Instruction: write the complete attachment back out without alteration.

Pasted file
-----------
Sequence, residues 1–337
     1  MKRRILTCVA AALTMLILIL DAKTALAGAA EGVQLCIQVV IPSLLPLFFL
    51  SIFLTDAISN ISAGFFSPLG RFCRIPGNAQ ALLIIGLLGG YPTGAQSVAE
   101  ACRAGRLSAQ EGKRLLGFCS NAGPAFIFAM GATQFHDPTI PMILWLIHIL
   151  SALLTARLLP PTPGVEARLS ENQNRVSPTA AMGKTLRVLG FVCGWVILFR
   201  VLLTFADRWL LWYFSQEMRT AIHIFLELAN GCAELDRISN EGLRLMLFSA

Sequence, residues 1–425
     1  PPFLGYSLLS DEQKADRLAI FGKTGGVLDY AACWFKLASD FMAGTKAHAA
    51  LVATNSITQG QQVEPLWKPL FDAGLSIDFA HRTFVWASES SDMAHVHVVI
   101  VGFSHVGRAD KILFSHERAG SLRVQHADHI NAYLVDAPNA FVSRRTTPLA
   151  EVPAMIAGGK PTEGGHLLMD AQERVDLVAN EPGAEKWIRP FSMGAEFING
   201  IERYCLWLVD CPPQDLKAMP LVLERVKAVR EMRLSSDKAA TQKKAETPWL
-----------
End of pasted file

Sequence, residues 1–337
     1  MKRRILTCVA AALTMLILIL DAKTALAGAA EGVQLCIQVV IPSLLPLFFL
    51  SIFLTDAISN ISAGFFSPLG RFCRIPGNAQ ALLIIGLLGG YPTGAQSVAE
   101  ACRAGRLSAQ EGKRLLGFCS NAGPAFIFAM GATQFHDPTI PMILWLIHIL
   151  SALLTARLLP PTPGVEARLS ENQNRVSPTA AMGKTLRVLG FVCGWVILFR
   201  VLLTFADRWL LWYFSQEMRT AIHIFLELAN GCAELDRISN EGLRLMLFSA

Sequence, residues 1–425
     1  PPFLGYSLLS DEQKADRLAI FGKTGGVLDY AACWFKLASD FMAGTKAHAA
    51  LVATNSITQG QQVEPLWKPL FDAGLSIDFA HRTFVWASES SDMAHVHVVI
   101  VGFSHVGRAD KILFSHERAG SLRVQHADHI NAYLVDAPNA FVSRRTTPLA
   151  EVPAMIAGGK PTEGGHLLMD AQERVDLVAN EPGAEKWIRP FSMGAEFING
   201  IERYCLWLVD CPPQDLKAMP LVLERVKAVR EMRLSSDKAA TQKKAETPWL